Anne Frank Movement: Hundreds of Rabbis Promise to Hide African Refugees Facing Deportation in Israel

Hundreds of Israeli rabbis on Tuesday said they are willing to hide upwards of 38,000 African asylum seekers facing deportation in coming months under the banner of one of Judaism's biggest heroes: Anne Frank.

The campaign to protect the Africans, most of whom crossed Israel's border with Egypt in an attempt to flee regional civil wars and economic strife over the last decade, is organized by Rabbis for Human Rights, an Israeli organization based in Jerusalem whose ranks include Rabbi Susan Silverman, sister of comedian Sarah Silverman.

Inspired by the sanctuary movement in the United States, which aims to protect unauthorized immigrants from deportation, the group has donned their campaign The Anne Frank Home Sanctuary movement.

"Anne Frank is the most well-known hidden person, and she was hidden so she would not be sent to her death—and we have documentation that these people are facing possible death," Silverman told Haaretz on Wednesday. "People risked their lives to save Jews, and we as a country are now saying we don't want to risk the tiniest demographic shift? We have a prime minister who is quoting Pharaoh when he says [of the asylum seekers] that their numbers will grow. Pharaoh said the Hebrew slaves will grow and overcome us."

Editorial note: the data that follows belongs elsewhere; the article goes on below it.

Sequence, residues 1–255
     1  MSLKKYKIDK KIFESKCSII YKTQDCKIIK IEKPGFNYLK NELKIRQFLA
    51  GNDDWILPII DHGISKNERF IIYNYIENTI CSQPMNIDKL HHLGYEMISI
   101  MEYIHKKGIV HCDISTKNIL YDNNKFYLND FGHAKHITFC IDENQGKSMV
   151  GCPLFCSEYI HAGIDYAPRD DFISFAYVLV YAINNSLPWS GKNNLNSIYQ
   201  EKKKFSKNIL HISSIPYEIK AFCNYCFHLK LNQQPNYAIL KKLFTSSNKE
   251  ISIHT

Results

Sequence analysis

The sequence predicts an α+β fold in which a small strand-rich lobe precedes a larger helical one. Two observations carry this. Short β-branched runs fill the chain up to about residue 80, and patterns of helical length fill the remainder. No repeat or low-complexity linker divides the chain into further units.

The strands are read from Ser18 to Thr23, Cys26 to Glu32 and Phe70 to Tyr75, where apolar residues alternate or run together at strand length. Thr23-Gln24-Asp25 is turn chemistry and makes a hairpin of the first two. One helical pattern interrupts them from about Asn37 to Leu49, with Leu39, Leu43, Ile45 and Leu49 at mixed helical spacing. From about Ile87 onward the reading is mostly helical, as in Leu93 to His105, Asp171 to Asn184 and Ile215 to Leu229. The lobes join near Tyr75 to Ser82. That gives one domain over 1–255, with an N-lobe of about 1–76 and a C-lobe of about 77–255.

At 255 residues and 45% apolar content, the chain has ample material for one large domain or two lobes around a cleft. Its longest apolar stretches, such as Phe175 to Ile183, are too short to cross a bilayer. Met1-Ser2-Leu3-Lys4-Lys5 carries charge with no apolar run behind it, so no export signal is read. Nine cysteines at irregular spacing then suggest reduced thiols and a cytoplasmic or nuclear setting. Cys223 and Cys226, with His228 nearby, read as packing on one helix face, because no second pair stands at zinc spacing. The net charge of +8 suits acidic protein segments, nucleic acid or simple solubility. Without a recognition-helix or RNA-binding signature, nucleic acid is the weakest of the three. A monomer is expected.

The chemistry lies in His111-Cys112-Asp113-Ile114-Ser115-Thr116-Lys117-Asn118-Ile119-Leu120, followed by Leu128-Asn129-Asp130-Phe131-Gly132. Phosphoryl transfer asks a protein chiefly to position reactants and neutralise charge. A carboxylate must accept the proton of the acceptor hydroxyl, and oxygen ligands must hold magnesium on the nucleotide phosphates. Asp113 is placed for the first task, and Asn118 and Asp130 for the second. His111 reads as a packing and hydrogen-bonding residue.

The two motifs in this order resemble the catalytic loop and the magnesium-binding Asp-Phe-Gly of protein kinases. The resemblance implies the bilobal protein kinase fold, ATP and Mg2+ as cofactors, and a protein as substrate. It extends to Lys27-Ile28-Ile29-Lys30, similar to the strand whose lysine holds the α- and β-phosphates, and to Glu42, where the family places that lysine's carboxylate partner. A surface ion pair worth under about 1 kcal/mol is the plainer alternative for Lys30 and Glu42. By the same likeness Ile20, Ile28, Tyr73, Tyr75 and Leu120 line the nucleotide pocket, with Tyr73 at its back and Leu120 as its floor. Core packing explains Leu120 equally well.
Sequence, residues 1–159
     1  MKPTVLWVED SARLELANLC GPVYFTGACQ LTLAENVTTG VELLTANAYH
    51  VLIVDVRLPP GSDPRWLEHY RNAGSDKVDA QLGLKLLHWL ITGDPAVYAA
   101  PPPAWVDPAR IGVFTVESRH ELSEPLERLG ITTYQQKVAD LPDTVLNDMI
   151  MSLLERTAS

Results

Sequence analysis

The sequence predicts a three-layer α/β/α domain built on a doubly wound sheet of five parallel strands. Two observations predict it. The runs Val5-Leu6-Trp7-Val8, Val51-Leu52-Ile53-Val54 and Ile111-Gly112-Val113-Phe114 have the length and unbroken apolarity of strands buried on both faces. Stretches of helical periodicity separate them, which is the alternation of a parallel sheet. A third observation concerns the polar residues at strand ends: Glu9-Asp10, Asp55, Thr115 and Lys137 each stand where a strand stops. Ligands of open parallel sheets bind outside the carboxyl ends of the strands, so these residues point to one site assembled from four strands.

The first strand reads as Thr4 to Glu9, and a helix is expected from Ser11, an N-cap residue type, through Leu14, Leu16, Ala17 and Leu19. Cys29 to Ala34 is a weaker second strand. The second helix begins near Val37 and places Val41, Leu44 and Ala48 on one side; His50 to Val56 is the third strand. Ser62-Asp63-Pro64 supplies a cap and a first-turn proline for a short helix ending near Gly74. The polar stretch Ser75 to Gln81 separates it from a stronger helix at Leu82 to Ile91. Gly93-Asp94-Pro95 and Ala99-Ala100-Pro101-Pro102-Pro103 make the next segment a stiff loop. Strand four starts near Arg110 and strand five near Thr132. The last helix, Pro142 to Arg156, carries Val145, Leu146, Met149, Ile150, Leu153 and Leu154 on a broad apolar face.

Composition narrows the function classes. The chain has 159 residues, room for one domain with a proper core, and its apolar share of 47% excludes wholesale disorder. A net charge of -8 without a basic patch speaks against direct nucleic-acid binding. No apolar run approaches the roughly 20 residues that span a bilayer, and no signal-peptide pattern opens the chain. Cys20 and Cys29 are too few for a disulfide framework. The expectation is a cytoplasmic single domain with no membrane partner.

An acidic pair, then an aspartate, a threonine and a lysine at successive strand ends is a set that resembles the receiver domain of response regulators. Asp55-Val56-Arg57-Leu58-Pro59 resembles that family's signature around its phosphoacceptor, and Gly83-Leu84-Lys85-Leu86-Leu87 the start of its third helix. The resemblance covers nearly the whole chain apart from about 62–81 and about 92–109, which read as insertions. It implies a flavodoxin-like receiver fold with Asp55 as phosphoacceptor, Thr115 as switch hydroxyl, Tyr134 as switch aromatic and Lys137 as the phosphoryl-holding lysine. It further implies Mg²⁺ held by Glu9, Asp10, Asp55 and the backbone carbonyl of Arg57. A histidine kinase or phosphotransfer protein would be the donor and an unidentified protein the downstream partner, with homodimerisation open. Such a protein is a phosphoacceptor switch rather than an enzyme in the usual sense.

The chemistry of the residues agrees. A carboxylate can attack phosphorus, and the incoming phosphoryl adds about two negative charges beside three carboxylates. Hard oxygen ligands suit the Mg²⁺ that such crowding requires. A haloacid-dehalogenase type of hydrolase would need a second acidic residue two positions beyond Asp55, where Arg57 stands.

The Israeli government plans to start forcibly removing the African asylum seekers in April, with plans to continue the deportation for two years. Earlier this month, the government said it would give migrants the choice to receive nearly $3,500 to be deported to a third country or be sent to a detention facility indefinitely.

The asylum seekers, however, are concerned about their prospects in their home continent. For years, Africans already deported from Israel have suffered torture, detention and human trafficking, according to a statement by the United Nations High Commissioner for Refugees last week.

Israel contends that the mass deportation of asylum seekers—referred to by Prime Minister Benjamin Netanyahu as "infiltrators"—are needed "to protect the Jewish and democratic character."

The High Commissioner has raised concerns over the planned deportations, arguing that Israel should not deport people back to Sub-Saharan African countries, many of which have faced bouts of famine-induced civil wars for years. Asylum advocates have also criticized Israel for its low admittance rate: According to data from the U.N., only 10 Eritreans and Sudanese have been recognized by the state as refugees since 2009.

Silverman told Hareetz that she hopes the Israeli government will reconsider the deportations. She also noted that Rabbis for Human Rights is also considering other forms of protest, including "accompanying asylum seekers on tours to the Garden of the Righteous Among the Nations at Yad Vashem," as well as mass demonstrations at airports to prevent flights carrying asylum seekers to Africa.